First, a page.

The extreme weather of the Snowy Mountains has claimed a number of aircraft over the years.
One was an RAAF plane, the Dakota A65-50, that in 1954 went down at Cowombat Flat, near the head of the Murray River on the NSW-Victoria border.
The plane took off from the East Sale RAAF Base on August 24, bound for Bathurst and Richmond. Crewing the plane were pilot Flight Lieutenant Laurie Hawes, co-pilot Flying Officer Bernie Mullen, navigator Flight Lieutenant Eric Walker (all three had war service), and signaller Pilot Officer Frank Howie.
During the flight, the starboard engine lost power. Hawes flew the plane satisfactorily on the port engine. A65-50 landed at Canberra where the passengers were offloaded and RAAF groundcrew thoroughly tested the faulty engine.
Next morning, Wednesday August 25, the crew took off for Sale. Strong westerly winds were blowing.
About 11am, just before reaching Mt Kosciuszko, the starboard engine began faltering again. Soon the Dakota was falling rapidly and being buffeted by severe turbulence. The only option was to try to make a forced landing. Just at that point Cowombat Flat, nestled between The Pilot and Mt Cobberas No2, came into view. It was the only open flat in a sea of forested mountains.
Laurie Hawes told me some years ago that RAAF training inculcated a consciousness of the risk of engine failure, and of the need to be prepared. "Your eyes were always open for the paddock," he said,"especially over wild country."
He and Mullen struggled with the disabled aircraft and headed for the flat. Howie urgently sent out distress signals.
"We were all realistic and experienced enough to realise that our chances of putting the aircraft down successfully and surviving were pretty slim," he said.
It was not service policy to have parachutes on board this type of aircraft, but there were seat belts - except for Howie. So now he lifted his knees up and braced himself against the radio equipment.
A65-50 circled Cowombat and made its approach. But there was a ridge, and the gully of the fledgling Murray River, together with the powerful turbulence, and only one engine. Hawes in the remaining seconds decided to stall the plane into the timber on the side of the flat.
One of the trees was further forward than anticipated. The Dakota hit the timber and skewed around. A large eucalypt wiped away Bernie Mullen's starboard side of the cockpit. One of the blades of the starboard propeller sliced through the floor of the signaller's compartment; it's hard to ruminate on what might have eventuated had Howie not had his feet braced up in front of him.
When the plane finally came to a halt, said Laurie, "the silence was deafening". He, Frank and Eric, fearing an imminent explosion, hurriedly dragged unconscious Bernie Mullen away from the wreck. Little could be done for Bernie. Suffering a fractured skull and multiple other fractures, he died within minutes.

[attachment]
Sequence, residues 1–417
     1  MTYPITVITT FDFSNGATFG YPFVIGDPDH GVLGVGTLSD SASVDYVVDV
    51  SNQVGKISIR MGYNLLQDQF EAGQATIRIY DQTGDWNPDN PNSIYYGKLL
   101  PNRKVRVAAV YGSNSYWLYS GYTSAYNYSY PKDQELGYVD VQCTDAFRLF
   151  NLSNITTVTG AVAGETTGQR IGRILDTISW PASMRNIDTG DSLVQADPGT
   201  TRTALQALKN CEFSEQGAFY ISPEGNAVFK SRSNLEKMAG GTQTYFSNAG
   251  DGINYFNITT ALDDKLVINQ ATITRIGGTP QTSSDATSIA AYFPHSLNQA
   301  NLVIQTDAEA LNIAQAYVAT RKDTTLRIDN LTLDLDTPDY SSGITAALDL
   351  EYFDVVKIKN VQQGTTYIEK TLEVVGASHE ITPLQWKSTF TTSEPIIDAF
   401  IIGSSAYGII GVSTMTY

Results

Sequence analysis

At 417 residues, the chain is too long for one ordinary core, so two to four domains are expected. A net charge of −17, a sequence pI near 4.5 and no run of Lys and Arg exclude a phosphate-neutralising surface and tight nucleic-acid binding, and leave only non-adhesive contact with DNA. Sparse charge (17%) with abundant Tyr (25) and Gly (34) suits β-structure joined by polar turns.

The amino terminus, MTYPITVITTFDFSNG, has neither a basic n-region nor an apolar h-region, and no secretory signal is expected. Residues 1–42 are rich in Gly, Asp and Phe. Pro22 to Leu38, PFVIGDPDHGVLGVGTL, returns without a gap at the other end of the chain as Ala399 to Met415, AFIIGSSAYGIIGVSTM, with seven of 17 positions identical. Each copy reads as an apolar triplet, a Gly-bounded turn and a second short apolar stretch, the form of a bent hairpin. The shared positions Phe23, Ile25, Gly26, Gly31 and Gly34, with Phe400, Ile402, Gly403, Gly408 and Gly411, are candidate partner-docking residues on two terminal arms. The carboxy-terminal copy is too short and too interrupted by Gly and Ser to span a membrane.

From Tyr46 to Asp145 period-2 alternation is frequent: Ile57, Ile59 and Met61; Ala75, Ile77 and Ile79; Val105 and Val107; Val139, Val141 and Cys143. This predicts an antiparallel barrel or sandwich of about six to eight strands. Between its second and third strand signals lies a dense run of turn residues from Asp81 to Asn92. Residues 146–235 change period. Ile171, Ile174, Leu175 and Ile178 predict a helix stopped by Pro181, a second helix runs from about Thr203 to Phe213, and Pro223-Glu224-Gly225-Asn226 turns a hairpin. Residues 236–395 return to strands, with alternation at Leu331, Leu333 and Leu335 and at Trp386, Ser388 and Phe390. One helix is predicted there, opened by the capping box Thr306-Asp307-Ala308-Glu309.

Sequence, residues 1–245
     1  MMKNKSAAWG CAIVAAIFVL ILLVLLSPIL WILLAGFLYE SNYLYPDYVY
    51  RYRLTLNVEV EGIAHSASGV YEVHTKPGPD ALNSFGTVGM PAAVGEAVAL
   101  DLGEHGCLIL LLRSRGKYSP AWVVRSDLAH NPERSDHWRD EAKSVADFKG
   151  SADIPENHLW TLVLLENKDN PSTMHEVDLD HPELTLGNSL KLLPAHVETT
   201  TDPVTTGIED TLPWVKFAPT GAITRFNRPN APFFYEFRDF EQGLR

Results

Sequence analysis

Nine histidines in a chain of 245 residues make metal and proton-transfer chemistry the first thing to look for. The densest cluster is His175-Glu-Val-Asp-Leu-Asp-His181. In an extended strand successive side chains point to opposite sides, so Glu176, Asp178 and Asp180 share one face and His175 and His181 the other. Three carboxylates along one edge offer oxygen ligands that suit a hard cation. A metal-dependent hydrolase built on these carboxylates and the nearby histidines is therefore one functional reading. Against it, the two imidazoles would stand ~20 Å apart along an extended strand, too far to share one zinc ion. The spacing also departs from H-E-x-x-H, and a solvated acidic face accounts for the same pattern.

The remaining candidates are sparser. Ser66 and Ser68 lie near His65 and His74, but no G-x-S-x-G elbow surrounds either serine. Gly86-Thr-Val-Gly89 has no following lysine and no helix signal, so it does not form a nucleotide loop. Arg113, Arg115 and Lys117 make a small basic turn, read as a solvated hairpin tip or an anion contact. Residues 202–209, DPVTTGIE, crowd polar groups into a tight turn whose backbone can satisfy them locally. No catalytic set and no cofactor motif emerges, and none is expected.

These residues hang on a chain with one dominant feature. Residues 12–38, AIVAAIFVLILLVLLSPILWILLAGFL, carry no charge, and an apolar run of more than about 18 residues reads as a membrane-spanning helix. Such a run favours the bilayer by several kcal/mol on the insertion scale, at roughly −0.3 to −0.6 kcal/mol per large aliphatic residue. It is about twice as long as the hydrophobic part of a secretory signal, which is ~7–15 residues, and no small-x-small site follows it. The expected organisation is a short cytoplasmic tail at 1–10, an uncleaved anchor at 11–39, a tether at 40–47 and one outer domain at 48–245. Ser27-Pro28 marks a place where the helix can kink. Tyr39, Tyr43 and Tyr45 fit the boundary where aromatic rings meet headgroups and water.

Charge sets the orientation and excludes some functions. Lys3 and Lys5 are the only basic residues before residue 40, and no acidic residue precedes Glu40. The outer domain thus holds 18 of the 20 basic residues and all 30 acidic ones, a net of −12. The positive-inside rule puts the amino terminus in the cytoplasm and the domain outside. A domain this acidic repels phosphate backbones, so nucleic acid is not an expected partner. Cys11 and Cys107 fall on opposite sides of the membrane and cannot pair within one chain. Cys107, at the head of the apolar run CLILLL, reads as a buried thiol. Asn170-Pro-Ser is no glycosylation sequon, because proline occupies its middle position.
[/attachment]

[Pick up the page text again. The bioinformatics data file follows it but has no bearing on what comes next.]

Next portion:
Laurie, Frank and Eric all had injuries. They set about finding some shelter on the wintry flat.
The distress signals transmitted before the crash had been picked up. An hour after the accident the first RAAF search aircraft sighted the three survivors at Cowombat. Through a series of weighted paper messages dropped from the search planes to the survivors, the Dakota's crew were able to communicate with their rescuers.
The search planes dropped food, blankets and other equipment to the survivors.
Meanwhile, two ground search parties were on the move. The first was led by 43-year-old Omeo policeman Lionel Baddeley. Sale's Commanding Officer, Group Captain W.N. Gibson, was in charge of the RAAF search party.
Sleet and strong winds made the flat miserable. The three survivors sheltered in the chimney of an old stockman's hut ruin.
Lionel Baddeley's party pushed on through the bush and next day arrived at Cowombat, to the relief of the aircrew. Then the 15-kilometre trek back out to the vehicles began. The airmen, stiff, sore, tired and stressed, found the trip arduous. Mullen's body was carried out on a bush stretcher.
Just before nightfall the group reached the vehicles. Gibson's RAAF searchers had also now arrived. They travelled back to Sale via Benambra. Major newspaper headlines relayed the Dakota story.
The RAAF soon held an inquiry to discover what had caused the starboard engine's failure and the plane's loss of height. Mechanical issues, as well as Hawes' handling of the aircraft were looked into. Mechanical tests were inconclusive. The court found Hawes was not culpable for the crash.
The other main theme of the inquiry was the role of the weather. The phenomenon of hill-standing waves, or topographic waves, was closely considered. These air waves are formed when a strong airstream hits and rises over a mountain range, forming a series of waves downwind which can drastically affect aircraft.
The court questioned a range of witnesses about whether standing waves contributed to the crash. One of the major results of the Cowombat crash was the realisation of the need for greater understanding of standing waves.
The RAAF brought back parts of the Dakota. A little later in the 1950s, Snowy Scheme workers used the plane's fuselage for a kitchen at their camp at the site.
Souvenir hunters took their share of the plane, but parts still remained at Cowombat when I visited in 1992.
When A65-50's crew took off on August 25, 1954, it was little more than a routine flight. Little were the airmen to know that by the end of the journey they would be in the headlines and a part of history.
- Matthew Higgins is a former Canberra historian and his most recent books are Bold Horizon: High-country Place, People and Story and Seeing Through Snow.